Sony Pictures has released more images from The Amazing Spider-Man 2, and we’re starting to get to the “flipbook stage” where, by the time the film is released in May, there will probably be so many images, clips, and trailers that you’ll be able to put together the movie without seeing it. We’re only in January, and I would say that one of these images already takes things too far, but this strategy is nothing new for blockbusters. It’s total secrecy during filming and then spilling almost everything afterwards. I personally find it irritating, but I suppose it’s nice for the people who are super-excited for Spidey’s next adventure.
Hit the jump to check out the images, and if you want to jump even further ahead in the Spider-Man saga, there are also some new comments from writer Roberto Orci on how they’re handling The Sinister Six, Venom, and more. The Amazing Spider-Man 2 stars Andrew Garfield, Emma Stone, Jamie Foxx, Paul Giamatti, Dane DeHaan, and Sally Field, and opens in 3D on May 2nd.
Images via Total Film.
Speaking to IGN, Orci says that although Drew Goddard is taking lead on Sinister Six, they’re all working on each other’s projects, which also includes The Amazing Spider-Man 3 and Venom. He also says they’re still figuring out how to do it, but did mention the idea of using anti-heroes in the vein of The Shield’s Vic Mackey:
That’s the discussion we’re having right now; how exactly do you do that, and how do you do it without betraying the audience and making them all mean? Drew Goddard [Cabin in the Woods] is going to be writing that one, so it’s kind of his problem. [Laughs] I’m kidding. We’re all working on each other’s stuff. So we want to be true to it, but there are some antiheroes in this day and age. There’s been examples of that even on TV — Vic Mackey on The Shield, one of the great antiheroes of all time. There are ways to milk that story. Audiences have seen everything. They’ve seen all the good guys who never do anything wrong. Is there a story in seeing the other side? That’s the challenge, and that’s the fun. I’m not sure how we’re going to do that yet.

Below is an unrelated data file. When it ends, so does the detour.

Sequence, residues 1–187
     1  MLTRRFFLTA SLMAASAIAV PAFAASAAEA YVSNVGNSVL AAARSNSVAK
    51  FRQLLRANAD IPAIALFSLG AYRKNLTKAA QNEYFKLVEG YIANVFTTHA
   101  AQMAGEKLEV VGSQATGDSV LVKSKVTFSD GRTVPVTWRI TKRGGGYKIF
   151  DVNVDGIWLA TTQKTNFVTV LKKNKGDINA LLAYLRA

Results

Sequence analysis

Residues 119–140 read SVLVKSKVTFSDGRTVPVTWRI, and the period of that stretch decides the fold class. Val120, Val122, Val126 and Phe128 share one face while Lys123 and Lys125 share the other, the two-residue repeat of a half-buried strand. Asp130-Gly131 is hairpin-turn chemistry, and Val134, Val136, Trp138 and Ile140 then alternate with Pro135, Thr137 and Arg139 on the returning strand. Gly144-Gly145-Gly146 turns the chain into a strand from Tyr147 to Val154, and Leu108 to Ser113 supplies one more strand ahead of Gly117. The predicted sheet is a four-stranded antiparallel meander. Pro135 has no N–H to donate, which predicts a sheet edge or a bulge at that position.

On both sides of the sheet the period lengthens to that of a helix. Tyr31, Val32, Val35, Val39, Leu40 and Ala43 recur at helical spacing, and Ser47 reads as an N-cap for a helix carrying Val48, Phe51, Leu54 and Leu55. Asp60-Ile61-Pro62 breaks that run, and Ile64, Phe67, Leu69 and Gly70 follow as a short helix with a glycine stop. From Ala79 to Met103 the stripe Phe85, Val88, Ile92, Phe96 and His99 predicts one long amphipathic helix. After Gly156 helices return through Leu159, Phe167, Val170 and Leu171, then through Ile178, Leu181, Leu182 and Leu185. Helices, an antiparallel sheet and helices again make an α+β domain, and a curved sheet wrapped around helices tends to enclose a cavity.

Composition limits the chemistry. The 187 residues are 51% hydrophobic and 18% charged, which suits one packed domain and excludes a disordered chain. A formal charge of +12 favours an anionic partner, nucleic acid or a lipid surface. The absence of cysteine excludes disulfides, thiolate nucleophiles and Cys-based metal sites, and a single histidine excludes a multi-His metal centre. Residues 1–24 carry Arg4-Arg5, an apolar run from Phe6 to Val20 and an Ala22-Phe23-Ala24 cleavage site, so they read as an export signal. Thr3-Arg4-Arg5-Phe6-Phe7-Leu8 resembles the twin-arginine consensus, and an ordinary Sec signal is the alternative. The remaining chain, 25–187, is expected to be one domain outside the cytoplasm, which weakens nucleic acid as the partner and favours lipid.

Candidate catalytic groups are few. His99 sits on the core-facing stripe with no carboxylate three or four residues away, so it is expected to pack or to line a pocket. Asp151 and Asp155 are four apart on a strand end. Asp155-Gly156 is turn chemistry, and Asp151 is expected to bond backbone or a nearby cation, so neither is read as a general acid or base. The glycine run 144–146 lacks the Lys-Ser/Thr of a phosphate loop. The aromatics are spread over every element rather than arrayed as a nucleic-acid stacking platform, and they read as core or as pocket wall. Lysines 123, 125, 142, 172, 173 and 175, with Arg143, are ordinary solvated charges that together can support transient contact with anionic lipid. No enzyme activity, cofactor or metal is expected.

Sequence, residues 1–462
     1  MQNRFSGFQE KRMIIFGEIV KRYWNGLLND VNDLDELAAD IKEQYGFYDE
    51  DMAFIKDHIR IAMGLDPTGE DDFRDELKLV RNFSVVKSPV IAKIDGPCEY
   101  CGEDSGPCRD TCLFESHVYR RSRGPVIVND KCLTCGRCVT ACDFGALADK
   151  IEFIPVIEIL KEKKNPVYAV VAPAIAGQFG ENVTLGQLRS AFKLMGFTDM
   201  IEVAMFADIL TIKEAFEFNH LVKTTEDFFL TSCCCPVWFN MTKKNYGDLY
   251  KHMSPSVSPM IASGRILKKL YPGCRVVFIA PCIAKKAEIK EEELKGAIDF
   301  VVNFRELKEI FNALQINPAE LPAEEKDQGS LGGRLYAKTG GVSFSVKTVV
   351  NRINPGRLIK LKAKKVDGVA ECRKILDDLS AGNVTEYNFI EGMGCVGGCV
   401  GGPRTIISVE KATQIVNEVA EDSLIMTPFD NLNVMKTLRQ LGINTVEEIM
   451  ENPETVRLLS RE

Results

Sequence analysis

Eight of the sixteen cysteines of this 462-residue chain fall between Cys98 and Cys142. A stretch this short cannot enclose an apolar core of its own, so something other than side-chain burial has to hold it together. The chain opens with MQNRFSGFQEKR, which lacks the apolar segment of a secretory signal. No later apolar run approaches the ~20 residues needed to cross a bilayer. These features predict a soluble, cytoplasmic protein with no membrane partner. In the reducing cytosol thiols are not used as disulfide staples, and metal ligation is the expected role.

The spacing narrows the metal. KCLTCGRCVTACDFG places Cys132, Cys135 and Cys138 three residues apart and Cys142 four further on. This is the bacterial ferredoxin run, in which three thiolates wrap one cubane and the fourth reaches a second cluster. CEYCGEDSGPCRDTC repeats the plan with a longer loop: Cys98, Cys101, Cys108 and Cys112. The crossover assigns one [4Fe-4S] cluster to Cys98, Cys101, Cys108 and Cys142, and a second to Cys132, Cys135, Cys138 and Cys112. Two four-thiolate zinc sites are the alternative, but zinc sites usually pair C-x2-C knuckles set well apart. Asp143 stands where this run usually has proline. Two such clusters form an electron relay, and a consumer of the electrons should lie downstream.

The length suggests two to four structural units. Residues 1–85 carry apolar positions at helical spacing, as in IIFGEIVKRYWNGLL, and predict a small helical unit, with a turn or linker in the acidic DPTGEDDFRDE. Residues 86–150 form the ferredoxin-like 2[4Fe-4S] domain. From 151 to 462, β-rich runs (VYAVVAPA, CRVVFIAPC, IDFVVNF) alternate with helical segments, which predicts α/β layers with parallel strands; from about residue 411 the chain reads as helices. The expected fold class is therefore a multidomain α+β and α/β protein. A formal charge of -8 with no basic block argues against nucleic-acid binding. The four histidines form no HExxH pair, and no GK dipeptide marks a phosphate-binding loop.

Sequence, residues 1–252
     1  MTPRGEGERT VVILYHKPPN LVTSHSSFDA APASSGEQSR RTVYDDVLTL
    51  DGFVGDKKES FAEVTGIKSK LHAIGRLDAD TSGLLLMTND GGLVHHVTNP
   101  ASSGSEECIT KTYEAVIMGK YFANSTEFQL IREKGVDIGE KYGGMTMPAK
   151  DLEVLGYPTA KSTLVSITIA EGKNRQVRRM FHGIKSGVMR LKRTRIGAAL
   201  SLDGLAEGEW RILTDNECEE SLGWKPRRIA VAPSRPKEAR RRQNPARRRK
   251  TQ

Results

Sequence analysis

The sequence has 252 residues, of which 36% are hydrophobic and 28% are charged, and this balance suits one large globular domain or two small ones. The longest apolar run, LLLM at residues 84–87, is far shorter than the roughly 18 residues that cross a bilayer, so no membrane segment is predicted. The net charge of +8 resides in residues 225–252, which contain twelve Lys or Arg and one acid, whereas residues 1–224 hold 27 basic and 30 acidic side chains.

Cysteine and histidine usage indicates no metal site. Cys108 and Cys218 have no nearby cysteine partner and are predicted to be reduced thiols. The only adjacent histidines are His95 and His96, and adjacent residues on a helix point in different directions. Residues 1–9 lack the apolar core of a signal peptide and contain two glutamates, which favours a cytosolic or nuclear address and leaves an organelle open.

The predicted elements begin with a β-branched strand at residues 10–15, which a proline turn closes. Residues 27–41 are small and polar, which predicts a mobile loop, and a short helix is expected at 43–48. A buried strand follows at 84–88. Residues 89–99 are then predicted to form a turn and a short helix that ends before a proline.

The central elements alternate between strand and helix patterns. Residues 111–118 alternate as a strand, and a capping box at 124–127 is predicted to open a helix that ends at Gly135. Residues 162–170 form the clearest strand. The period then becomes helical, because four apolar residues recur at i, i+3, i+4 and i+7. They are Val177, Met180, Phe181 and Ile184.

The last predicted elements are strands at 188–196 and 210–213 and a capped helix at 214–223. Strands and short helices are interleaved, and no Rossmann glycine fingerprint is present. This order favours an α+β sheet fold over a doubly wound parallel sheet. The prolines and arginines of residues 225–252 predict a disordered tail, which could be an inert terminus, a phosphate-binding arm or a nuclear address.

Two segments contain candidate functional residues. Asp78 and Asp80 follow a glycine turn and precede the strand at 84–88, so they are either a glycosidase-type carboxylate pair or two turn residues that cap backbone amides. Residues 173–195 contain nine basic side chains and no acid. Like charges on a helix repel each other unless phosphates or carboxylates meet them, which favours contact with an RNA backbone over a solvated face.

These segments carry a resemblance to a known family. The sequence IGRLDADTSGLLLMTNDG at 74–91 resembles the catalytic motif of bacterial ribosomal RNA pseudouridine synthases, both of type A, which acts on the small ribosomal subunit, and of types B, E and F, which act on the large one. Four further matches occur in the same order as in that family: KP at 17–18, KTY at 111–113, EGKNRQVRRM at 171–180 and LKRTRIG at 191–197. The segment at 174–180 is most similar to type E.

Yeah. Oscorp plays an important part in how our villains get created, obviously, in the first one. So because Peter becoming Spider-Man came out of that, rather than saying, “And then this alien came from space,” or whatever, they’re doing human-hybrid, weird stuff at Oscorp. That’s where Gwen Stacy works anyway as well. So the idea of it representing the good and the bad of science, that it can do great things, but it can also mess you up and do weird things and transform people — as all science can be used for good or bad. So it’s nice to have that organizing principal, but it wasn’t like, “We must keep it at Oscorp.” It flowed naturally from the story development.
So if you’re expecting the alien symbiote, you might want to let that go right now.
The way we do it is to make sure that their presence is based on a character thing that necessary for the theme of the movie. You can’t just throw somebody in there to show up and make it harder on Spider-Man. The stories that we have for these guys, they’re tragic villains, you’re going to find out, a little bit. It’s not as simple as “Evil dude shows up.” Jamie Foxx has some very touching scenes. As long as I can describe their stories and character terms, then I feel like it’s okay. If you can’t, then you know you’re having them crash-land out of nowhere, and what’s that about?
So the idea of, let’s get a core group of writers and producers and directors — and even though I might not be the one writing Venom, I’ll be in the meetings talking about how to make it interesting. We could be putting in easter eggs and planning ahead in the previous movies, and then that guy over there is going to write that movie, and Ed Solomon’s gonna write another one with us. So having a committee, a board, of people who are creative, who are filmmaker, who just keep it all together, that’s kind of going back to the way we started [in television].